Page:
While writing an article on the crazy NBA offseason that is coming up in 2019 with a large number of superstars becoming available, I realized that some sports fans might not understand how free agency works. If you're one of them, don't worry. Although there are a lot of moving parts to contracts in the NBA, we're going to take a quick and simple crash course in NBA free agency to learn what it is, how it works, and the different types of free agents that may or may not be available to teams looking for players who will improve their chances of winning a championship.

What is NBA Free Agency?

NBA free agency is a period in which players who are no longer under a binding contract with their team can sign with another team or re-sign with their current team. In the NBA, free agency traditionally begins on July 1st, meaning teams can begin to negotiate with players at this time.

Image Source: NBA.com

Each NBA team has to abide by the league's salary cap, which is currently $101.9 million. This money is spread throughout their roster. Each roster typically includes 12 active players and several reserves. If a team goes over the salary cap, they must pay a luxury tax. Teams carefully balance their contracts to avoid paying the tax and to get the most out of their roster. This is why you often see teams trade an expensive player and give up a draft pick just to unload the player on a different team's salary cap.

Types of Free Agents

There are 3 types of free agents, explained below.

  • Unrestricted Free Agents (UFA)

Just as it sounds, UFA's can sign with any team for any amount that they agree to as long as it fits within that team's salary cap and other league rules (minimums, maximums, etc.).

  • Restricted free agents (RFA)

RFA's can attempt to sign with another team. This is called signing an offer sheet. Because they are a restricted free agent, the team they previously played with will have the ability to match the terms (years + salary) and retain that player. The term thrown around is the right of first refusal, meaning their original team can match the offer sheet submitted by another team, or refuse to match it, meaning the team that submitted the offer will be able to complete their signing of the player.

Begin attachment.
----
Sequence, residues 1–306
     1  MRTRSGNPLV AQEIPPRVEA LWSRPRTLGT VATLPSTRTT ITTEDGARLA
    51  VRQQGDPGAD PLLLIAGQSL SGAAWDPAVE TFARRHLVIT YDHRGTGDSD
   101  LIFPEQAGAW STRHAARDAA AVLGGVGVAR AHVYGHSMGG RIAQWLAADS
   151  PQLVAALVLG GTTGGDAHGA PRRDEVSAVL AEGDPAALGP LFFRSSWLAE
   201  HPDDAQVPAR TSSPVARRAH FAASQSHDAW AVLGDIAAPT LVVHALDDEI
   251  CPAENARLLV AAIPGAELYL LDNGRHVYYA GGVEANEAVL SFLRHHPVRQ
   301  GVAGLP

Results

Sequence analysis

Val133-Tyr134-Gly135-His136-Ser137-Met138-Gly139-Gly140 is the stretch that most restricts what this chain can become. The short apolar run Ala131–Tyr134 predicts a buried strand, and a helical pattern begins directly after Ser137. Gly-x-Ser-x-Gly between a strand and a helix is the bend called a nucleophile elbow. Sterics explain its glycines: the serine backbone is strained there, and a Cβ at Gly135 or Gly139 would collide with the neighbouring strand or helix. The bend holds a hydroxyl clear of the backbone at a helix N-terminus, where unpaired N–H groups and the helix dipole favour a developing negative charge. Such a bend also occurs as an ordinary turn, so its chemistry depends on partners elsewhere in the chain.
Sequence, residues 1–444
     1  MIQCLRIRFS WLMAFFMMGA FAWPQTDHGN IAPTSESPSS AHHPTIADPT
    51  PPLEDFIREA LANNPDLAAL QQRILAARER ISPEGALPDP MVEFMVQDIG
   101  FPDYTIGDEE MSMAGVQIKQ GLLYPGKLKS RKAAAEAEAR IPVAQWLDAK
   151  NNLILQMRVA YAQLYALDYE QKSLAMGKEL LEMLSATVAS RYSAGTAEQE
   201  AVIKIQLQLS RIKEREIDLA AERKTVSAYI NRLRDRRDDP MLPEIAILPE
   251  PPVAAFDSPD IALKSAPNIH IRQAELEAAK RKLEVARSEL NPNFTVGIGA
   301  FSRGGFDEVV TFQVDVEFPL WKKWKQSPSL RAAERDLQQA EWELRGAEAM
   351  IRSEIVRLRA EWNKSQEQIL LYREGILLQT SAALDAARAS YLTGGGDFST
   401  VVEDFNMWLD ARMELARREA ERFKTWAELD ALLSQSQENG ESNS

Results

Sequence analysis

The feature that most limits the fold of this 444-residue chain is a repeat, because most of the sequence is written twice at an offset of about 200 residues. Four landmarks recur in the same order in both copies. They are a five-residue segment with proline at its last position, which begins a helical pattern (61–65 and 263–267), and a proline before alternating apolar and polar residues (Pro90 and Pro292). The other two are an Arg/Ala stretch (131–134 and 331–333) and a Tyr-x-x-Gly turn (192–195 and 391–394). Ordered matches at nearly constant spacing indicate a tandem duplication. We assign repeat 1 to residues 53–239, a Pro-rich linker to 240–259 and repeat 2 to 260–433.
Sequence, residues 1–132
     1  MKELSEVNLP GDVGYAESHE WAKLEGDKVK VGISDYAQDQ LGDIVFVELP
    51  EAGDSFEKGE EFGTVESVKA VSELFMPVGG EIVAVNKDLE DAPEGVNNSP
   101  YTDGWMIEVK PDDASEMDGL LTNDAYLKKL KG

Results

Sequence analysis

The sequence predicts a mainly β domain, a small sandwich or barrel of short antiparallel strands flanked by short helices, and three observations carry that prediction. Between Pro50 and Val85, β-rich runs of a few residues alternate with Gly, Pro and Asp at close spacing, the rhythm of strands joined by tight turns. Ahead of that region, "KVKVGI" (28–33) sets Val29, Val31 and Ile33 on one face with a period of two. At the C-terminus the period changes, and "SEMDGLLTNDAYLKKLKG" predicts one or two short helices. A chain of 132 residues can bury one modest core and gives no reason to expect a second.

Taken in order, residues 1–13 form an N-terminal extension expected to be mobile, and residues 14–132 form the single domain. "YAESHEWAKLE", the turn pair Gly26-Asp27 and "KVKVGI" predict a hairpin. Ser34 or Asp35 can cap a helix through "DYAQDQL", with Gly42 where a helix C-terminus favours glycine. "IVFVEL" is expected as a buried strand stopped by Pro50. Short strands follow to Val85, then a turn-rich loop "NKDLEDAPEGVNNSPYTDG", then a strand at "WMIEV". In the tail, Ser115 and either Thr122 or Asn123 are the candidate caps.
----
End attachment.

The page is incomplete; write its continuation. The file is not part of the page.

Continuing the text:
• Options 

Contracts can contain options. Several of the most common options are team options, player options, and early termination options.

    • Team options allow a team to keep a player by exercising that option. For example, let's say Sam Smith is a free agent with a team option for $7M. If the team wants to keep him, they will exercise this option and pay him the $7M salary to keep him for that year. If they decline this option, he will become an unrestricted free agent. 
    • Player options work similar to team options except it's up to the player. For example, Kevin Durant has a player option that allows him to stay with the Golden State Warriors for another year, or explore signing a contract with another team. It is believed that Durant will decline his player option and look to sign with a new team as an unrestricted free agent. 
    • Although rare, early termination options allow a player to void their contract and become a free agent. This is only seen in long-term deals with high-profile players. 

Please comment below and let me know your thoughts. Or if I messed up or forgot to include anything important above, please yell at me in the comment section!

Note: This article is unique although the plagiarism checker is stating that it is not 100% unique. Since I am explaining something that is a fact, and obviously, other websites have other descriptions of free agency, it's bound to come up as similar in technical checks.